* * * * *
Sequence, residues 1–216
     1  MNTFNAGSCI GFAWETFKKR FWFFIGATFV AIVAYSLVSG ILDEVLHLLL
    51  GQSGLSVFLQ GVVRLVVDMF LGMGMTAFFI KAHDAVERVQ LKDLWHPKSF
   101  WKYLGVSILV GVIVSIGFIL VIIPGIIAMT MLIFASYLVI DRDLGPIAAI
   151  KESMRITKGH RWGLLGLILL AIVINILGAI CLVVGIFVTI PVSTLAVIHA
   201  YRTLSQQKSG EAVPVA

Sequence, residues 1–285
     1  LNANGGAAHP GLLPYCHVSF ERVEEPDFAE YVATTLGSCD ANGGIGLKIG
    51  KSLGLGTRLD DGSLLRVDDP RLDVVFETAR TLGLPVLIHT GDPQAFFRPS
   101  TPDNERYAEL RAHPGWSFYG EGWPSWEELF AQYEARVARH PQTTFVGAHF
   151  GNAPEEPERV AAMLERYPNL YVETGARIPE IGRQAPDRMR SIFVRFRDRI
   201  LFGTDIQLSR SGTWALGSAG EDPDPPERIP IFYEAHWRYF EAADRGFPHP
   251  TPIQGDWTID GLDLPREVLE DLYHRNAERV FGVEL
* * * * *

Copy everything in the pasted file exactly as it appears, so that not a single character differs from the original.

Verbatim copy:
Sequence, residues 1–216
     1  MNTFNAGSCI GFAWETFKKR FWFFIGATFV AIVAYSLVSG ILDEVLHLLL
    51  GQSGLSVFLQ GVVRLVVDMF LGMGMTAFFI KAHDAVERVQ LKDLWHPKSF
   101  WKYLGVSILV GVIVSIGFIL VIIPGIIAMT MLIFASYLVI DRDLGPIAAI
   151  KESMRITKGH RWGLLGLILL AIVINILGAI CLVVGIFVTI PVSTLAVIHA
   201  YRTLSQQKSG EAVPVA

Sequence, residues 1–285
     1  LNANGGAAHP GLLPYCHVSF ERVEEPDFAE YVATTLGSCD ANGGIGLKIG
    51  KSLGLGTRLD DGSLLRVDDP RLDVVFETAR TLGLPVLIHT GDPQAFFRPS
   101  TPDNERYAEL RAHPGWSFYG EGWPSWEELF AQYEARVARH PQTTFVGAHF
   151  GNAPEEPERV AAMLERYPNL YVETGARIPE IGRQAPDRMR SIFVRFRDRI
   201  LFGTDIQLSR SGTWALGSAG EDPDPPERIP IFYEAHWRYF EAADRGFPHP
   251  TPIQGDWTID GLDLPREVLE DLYHRNAERV FGVEL